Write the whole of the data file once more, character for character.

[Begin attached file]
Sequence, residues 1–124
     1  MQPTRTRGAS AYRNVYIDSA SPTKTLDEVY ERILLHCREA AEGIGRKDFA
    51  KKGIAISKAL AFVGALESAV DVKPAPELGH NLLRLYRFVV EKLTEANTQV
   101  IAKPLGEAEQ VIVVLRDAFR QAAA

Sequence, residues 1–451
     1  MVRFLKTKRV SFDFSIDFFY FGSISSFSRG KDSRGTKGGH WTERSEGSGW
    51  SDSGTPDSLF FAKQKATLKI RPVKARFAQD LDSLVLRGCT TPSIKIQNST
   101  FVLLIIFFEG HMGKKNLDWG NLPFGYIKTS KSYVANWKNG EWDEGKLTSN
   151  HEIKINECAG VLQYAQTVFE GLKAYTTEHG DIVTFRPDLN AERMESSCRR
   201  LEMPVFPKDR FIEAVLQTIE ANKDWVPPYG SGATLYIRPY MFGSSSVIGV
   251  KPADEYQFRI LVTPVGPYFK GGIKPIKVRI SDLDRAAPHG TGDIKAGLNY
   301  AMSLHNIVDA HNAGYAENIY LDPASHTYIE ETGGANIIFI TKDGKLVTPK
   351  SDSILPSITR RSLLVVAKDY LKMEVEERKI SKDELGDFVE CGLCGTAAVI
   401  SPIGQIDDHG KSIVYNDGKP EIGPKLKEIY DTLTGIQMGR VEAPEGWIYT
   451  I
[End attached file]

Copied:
Sequence, residues 1–124
     1  MQPTRTRGAS AYRNVYIDSA SPTKTLDEVY ERILLHCREA AEGIGRKDFA
    51  KKGIAISKAL AFVGALESAV DVKPAPELGH NLLRLYRFVV EKLTEANTQV
   101  IAKPLGEAEQ VIVVLRDAFR QAAA

Sequence, residues 1–451
     1  MVRFLKTKRV SFDFSIDFFY FGSISSFSRG KDSRGTKGGH WTERSEGSGW
    51  SDSGTPDSLF FAKQKATLKI RPVKARFAQD LDSLVLRGCT TPSIKIQNST
   101  FVLLIIFFEG HMGKKNLDWG NLPFGYIKTS KSYVANWKNG EWDEGKLTSN
   151  HEIKINECAG VLQYAQTVFE GLKAYTTEHG DIVTFRPDLN AERMESSCRR
   201  LEMPVFPKDR FIEAVLQTIE ANKDWVPPYG SGATLYIRPY MFGSSSVIGV
   251  KPADEYQFRI LVTPVGPYFK GGIKPIKVRI SDLDRAAPHG TGDIKAGLNY
   301  AMSLHNIVDA HNAGYAENIY LDPASHTYIE ETGGANIIFI TKDGKLVTPK
   351  SDSILPSITR RSLLVVAKDY LKMEVEERKI SKDELGDFVE CGLCGTAAVI
   401  SPIGQIDDHG KSIVYNDGKP EIGPKLKEIY DTLTGIQMGR VEAPEGWIYT
   451  I